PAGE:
As an experienced gamer, I tend to play games by myself. I usually experience a game alone in my room where I can appreciate the subtle nuances like its story, characters, gameplay, and systems to absorb it all to get my perspective on it. But as I've grown older, I have started to play more co-op games with other people and I have decided to let them join me in this unique hobby of mine. But the person I have been with that has played a handful of co-op-centric games with me more than anyone else in my life is someone unexpected; my little step-brother.
And the game that we most recently played was Octodad: Dadliest Catch.
For some who might have forgotten this game, the player controls the octopus Octodad as he lives with his wife Scarlet and two children, Stacy and Tommy. It just so happens that he is trying to live out his life as a human, unbeknownst to his family who have no idea while he tries to complete menial tasks like buying groceries or cooking burgers in the backyard. All while trying to evade Chef Fujimoto, who wants to expose him for the octopus he is before he chops him up into a delicious sushi platter.
Much of the challenge in Octodad: Dadliest Catch lies with having to control the tentacles of Octodad while maintaining your cover, as to avoid any suspicion from the general public as you are living out the average day for this marine mollusk. In co-op mode, up to four players can divide control of Octodad's tentacles between them and must coordinate his movement together.
It might seem simple at first, but playing Octodad was an admirably frustrating experience. Part of it was my younger stepbrother goofing off by messing with some of the in-game items like chairs and trash cans, which caused the game to bug out in a whirlwind of disaster. But then I remember the times that I played video games when I was his age and how I did the same things, indulging my piqued interest in seeing what I could do to break the game.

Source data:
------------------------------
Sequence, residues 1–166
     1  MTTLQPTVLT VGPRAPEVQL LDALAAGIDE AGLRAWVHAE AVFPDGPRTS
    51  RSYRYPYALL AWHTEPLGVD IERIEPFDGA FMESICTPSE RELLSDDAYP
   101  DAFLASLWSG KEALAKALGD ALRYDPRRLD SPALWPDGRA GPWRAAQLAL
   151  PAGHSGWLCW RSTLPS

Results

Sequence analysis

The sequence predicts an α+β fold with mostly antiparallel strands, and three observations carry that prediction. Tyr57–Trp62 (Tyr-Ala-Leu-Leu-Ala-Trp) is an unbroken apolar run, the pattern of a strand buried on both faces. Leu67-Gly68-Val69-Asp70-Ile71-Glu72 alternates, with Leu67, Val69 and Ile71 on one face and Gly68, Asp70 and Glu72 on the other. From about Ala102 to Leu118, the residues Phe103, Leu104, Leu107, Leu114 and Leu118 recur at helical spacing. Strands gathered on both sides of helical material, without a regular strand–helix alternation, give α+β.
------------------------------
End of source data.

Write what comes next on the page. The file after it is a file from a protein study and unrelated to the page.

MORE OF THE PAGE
But it's hard to stay frustrated when Octodad is so enjoyable. Some of my favorite moments include the instances in which I would say stuff like “Move your right foot!” and “Let’s go this way!” while we were completing the handful of levels that seemed simple in concept, but chaotic in execution.
One of the most jarring but hilarious game-breaking bugs that occurred was in the fishing ship level where we had to get down to the lower deck. Suddenly, my step-brother somehow got one of Octodad’s feet stuck on one of the stairs. I couldn’t tell if he broke through the step by breaking the geometry or if he was genuinely stuck, but it brought an endless supply of laughter from him while I gave an annoyed shrug knowing that I should let him enjoy the ride that is Octodad: Dadliest Catch.
Controlling the tentacles on Octodad’s body is a part of the charm that encapsulates the silly wonder that is Octodad: Dadliest Catch. In many ways, it captures the same cathartic, absurd, gravity-defining physics in games like Goat Simulator and Humans Fall Flat. I didn’t get the appeal of it at first, but then I realized something; it’s supposed to feel glitchy. The fun of which shines even more when you have another player by your side.
It’s surprising how a game about an octopus trying to live out his everyday life by completing menial tasks can create such a lasting impact on gamers, especially for those playing in co-op.
The main game can be finished in a couple of hours, but if you want to experience more, you can try out the bonus levels like Dad Romance and Medical Mess. These show a different side of the game like having the kids Stacy and Tommy imagine their dad working at a hospital trying to fix the various patients, with challenges that are constantly changing as the children perform as unreliable narrators.
Looking back, I will say that I remember the fondness that I had gained from playing Octodad: Dadliest Catch. Thinking about the elastic stretchy tentacles clinging onto the various surfaces like a jungle gym, or climbing up a wall to get inside an air vent. Hearing the constant gargling chatter coming from Octodad will always be present in the back of my mind.
Octodad: Dadliest Catch is a game with a silly, irreverent tone that is meant to be glitchy with its physics and level structure. Its story is simple and charming that includes many jokes that will provide plenty of laughs, even if you happen to have four friends by your side that are willing subjects to control one individual tentacle. Having a sibling or significant other can make the difference in providing laughter and entertainment from the game's silliness.
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